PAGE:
How do you support a neighborhood? Architect and Community Developer Réna Bradley weighs in

With a background in architecture and community development, Réna Bradley is a passionate believer that all aspects of a person’s environment impact their outlook on life.

Fresh out of college in 2007, she wanted a job that aligned with this belief and utilized her skills. She landed her first job working for an architecture firm that designed large hospitals in Virginia, which gave her great experience, but didn’t speak to her heart.

So, she moved back to her hometown Detroit where she landed her second job, working for the Detroit Land Bank Authority. As a government organization, the Land Bank used stimulus funds to stabilize property values in Detroit neighborhoods by doing green, historic rehabs. But while Bradley found the work fulfilling, her position didn’t utilize her skills as an architect. Rena Bradley

That’s what led her to her third job—the one she helped create for herself in Fort Wayne to live out her calling.

She heard that Bridge of Grace Compassionate Ministries Center was looking for an Education Programs Coordinator to support the advancement of its surrounding Mount Vernon Park neighborhood.

To Bradley, it sounded like what they were really looking for was a Community Development Director—a person to impact the neighborhood’s built environment and its non-built environment at the same time.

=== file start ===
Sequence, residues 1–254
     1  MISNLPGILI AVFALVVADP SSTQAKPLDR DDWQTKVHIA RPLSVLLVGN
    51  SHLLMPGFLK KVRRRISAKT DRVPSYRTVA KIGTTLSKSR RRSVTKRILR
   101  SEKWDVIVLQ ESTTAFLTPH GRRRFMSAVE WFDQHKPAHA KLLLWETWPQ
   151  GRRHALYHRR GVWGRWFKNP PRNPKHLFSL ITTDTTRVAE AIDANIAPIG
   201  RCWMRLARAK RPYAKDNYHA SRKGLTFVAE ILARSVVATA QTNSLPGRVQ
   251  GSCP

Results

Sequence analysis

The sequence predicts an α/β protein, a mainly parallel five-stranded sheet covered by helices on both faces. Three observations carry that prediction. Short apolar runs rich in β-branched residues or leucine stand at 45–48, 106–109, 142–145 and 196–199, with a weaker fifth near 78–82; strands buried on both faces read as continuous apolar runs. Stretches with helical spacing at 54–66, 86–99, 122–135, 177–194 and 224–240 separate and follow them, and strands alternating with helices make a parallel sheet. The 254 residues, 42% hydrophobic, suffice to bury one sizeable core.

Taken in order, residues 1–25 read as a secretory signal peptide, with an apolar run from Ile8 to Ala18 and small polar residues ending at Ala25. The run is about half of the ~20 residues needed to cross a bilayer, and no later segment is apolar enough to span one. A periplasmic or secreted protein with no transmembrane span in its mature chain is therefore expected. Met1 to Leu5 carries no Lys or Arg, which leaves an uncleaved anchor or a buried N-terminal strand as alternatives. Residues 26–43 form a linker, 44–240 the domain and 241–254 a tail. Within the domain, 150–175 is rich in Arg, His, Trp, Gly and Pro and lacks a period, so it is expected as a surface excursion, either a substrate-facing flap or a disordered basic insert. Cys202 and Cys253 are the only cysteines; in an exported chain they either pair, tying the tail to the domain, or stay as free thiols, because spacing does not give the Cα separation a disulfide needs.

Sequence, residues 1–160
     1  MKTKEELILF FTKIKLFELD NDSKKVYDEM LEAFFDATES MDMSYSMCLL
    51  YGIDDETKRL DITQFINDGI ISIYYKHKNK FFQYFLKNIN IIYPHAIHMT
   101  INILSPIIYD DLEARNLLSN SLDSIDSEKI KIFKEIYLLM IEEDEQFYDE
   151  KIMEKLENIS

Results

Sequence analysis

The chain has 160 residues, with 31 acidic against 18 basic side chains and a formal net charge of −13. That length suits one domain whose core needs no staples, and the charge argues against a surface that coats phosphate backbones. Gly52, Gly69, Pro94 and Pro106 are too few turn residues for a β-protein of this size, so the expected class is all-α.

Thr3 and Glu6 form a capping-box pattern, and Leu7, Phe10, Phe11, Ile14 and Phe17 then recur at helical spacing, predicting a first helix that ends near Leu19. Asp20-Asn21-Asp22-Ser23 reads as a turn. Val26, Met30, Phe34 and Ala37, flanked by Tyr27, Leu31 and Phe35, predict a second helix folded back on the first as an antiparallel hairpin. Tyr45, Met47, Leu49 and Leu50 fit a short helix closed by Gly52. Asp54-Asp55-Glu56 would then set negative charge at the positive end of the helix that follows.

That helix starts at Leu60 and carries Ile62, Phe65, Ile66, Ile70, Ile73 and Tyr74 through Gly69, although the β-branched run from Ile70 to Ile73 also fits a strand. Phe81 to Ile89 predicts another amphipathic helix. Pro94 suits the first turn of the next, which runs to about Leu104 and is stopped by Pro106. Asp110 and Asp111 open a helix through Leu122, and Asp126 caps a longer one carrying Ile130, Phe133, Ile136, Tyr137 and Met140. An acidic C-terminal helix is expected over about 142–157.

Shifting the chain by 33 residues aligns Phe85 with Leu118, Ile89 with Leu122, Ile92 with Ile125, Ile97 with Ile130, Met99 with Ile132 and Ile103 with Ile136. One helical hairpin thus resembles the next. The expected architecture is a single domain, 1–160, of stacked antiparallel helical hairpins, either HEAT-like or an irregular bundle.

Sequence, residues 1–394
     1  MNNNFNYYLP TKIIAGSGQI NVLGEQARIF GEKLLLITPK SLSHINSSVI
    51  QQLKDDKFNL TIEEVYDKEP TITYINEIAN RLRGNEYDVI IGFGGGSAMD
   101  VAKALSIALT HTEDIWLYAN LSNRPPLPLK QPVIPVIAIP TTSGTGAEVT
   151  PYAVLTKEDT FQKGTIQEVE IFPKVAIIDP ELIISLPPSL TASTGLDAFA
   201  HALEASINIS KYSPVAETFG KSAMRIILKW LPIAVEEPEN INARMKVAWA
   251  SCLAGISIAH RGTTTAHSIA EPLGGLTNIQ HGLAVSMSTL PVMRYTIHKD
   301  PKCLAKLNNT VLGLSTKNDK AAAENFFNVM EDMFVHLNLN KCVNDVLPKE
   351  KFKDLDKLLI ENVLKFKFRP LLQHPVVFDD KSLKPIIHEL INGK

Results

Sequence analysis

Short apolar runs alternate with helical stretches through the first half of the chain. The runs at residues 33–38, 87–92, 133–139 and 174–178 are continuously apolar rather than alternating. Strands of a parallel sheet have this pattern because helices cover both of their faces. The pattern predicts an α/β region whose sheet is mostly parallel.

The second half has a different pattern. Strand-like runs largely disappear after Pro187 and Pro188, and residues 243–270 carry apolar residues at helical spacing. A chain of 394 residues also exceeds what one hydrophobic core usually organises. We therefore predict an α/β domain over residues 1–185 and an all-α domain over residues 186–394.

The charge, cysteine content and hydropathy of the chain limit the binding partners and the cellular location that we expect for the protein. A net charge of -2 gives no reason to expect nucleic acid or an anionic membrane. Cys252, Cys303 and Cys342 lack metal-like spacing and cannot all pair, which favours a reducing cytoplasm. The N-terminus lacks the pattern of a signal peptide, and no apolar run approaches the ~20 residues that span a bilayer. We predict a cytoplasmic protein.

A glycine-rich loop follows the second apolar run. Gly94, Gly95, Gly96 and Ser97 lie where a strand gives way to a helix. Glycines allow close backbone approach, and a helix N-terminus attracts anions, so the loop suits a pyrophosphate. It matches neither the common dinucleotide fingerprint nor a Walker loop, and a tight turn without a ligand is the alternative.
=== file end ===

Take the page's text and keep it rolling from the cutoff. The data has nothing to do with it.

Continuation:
Today, as the Community Development Director at Bridge of Grace, Bradley’s work is holistic, ranging from helping students design sustainable playgrounds on their streets to helping girls in the neighborhood learn about professions they can pursue.

In Mount Vernon Park, 48 percent of the population is under the age of 25. So she developed a program for young girls called Wonderfully Made, which introduces them to local leaders in various industries, giving them a professional support system.

“Beyond just developing property in our neighborhood, I get to help develop and encourage people in our community,” Bradley says. “I think that’s a really awesome opportunity.”

Input Fort Wayne sat down with Bradley to learn more about her work at Bridge of Grace and the ways she’s supporting the built and non-built environment of southeast Fort Wayne.

Students at Wonderfully Made design Christmas cards.

IFW: A lot of your work as an architect revolves around the concept of how people’s environment impacts them. Tell us more about that.

RB: Surroundings, in general, impact people, and either that communication is positive or it’s negative. I think it’s very rarely—if ever—neutral. So you have to ask yourself: What is my environment saying to me?